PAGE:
Entertainment

Why Little Mix insisted on aftercare for the contestants on their talent show

Image caption

Little Mix on the set of their talent show, The Search (L-R): Jade Thirlswall, Leigh-Anne Pinnock, Perrie Edwards and Jesy Nelson

Little Mix say they insisted on aftercare for contestants on their reality show, after seeing how the music industry treats young artists.

“We didn’t have that, really, on the show that we came from,” says Leigh-Anne Pinnock, referring to the band’s tenure on The X Factor.

“We want to make sure that they’re looked after properly and support them,” adds Jade Thirlwall.

The band have been open about the effects of fame on their mental health.

Nelson authored an award-winning documentary last year, explaining how cyber-bullies who criticised her weight and appearance chipped away at her self-confidence, leading to a failed suicide attempt.

Pinnock recently opened up about her personal experiences of racism within the music industry, while Perrie Edwards has revealed she struggled with anxiety and panic attacks.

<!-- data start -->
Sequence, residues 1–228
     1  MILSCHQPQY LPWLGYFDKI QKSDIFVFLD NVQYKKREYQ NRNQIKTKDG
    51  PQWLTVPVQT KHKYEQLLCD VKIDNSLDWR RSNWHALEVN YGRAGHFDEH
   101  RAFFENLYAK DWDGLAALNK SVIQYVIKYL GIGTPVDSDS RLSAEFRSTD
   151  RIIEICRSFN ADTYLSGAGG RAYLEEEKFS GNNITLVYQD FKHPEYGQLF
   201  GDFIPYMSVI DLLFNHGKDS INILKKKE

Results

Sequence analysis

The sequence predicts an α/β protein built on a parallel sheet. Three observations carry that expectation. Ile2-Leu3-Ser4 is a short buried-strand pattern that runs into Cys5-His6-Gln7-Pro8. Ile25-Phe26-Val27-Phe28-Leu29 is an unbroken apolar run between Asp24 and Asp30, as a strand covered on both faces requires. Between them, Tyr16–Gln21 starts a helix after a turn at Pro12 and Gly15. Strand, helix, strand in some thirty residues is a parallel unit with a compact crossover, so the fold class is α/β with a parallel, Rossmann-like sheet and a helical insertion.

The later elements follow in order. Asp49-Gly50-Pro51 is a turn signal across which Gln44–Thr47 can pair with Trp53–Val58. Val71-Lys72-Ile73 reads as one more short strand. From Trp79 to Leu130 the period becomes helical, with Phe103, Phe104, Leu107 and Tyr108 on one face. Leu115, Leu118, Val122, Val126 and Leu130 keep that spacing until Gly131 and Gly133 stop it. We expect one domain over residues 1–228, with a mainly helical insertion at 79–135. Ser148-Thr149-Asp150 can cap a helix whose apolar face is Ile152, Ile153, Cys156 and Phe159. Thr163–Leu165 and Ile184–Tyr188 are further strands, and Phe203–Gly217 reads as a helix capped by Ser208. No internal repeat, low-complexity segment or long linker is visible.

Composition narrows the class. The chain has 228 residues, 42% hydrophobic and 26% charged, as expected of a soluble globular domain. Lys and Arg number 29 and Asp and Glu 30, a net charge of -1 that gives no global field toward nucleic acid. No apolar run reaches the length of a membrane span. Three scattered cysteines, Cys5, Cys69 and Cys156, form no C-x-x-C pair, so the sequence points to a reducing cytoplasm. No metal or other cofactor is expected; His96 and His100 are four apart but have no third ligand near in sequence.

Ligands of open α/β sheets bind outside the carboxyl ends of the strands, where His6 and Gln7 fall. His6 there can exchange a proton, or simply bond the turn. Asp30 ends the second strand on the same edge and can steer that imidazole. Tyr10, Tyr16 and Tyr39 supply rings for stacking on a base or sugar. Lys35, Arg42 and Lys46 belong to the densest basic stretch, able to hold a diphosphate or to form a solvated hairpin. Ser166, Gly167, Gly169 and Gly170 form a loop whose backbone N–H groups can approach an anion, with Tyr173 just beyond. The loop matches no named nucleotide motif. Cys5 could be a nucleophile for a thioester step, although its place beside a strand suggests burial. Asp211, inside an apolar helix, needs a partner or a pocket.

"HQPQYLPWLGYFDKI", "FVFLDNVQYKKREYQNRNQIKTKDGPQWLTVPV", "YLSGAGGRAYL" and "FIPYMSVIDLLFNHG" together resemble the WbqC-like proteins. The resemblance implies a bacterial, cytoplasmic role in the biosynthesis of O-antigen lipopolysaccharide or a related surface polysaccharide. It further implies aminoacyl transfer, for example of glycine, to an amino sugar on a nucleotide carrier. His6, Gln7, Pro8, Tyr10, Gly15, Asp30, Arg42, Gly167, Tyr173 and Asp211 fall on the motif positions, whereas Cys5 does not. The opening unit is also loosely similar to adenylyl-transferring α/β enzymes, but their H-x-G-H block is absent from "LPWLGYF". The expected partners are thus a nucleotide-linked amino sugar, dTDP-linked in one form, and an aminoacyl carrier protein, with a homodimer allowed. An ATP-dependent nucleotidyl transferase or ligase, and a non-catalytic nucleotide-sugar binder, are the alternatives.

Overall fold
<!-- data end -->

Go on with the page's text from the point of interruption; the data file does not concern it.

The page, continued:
Speaking to the Radio Times earlier this week, the band said they were essentially left to cope on their own after winning the eighth series of The X Factor in 2011.

“You do get thrown into it without a second to think about anything, which can be a lot to deal with,” Nelson told the magazine.

“We never had anyone checking on us to see how we were doing mentally, it was all just go, go, go. I personally don’t feel like there was anyone who cared.”

“When we won, we weren’t even allowed to spend time with our families to celebrate,” Pinnock added.

“There’s a lot more awareness now about mental health, but people still just see the pop, the smiles and the stage, and they don’t really understand what goes on. I kind of wish there was a lot more help along the way.”

‘Thick skin’

Modest TV, which is producing the band’s talent show, Little Mix: The Search, confirmed that contestants have access to “a full-time welfare team and clinical psychologists” before, during and after filming.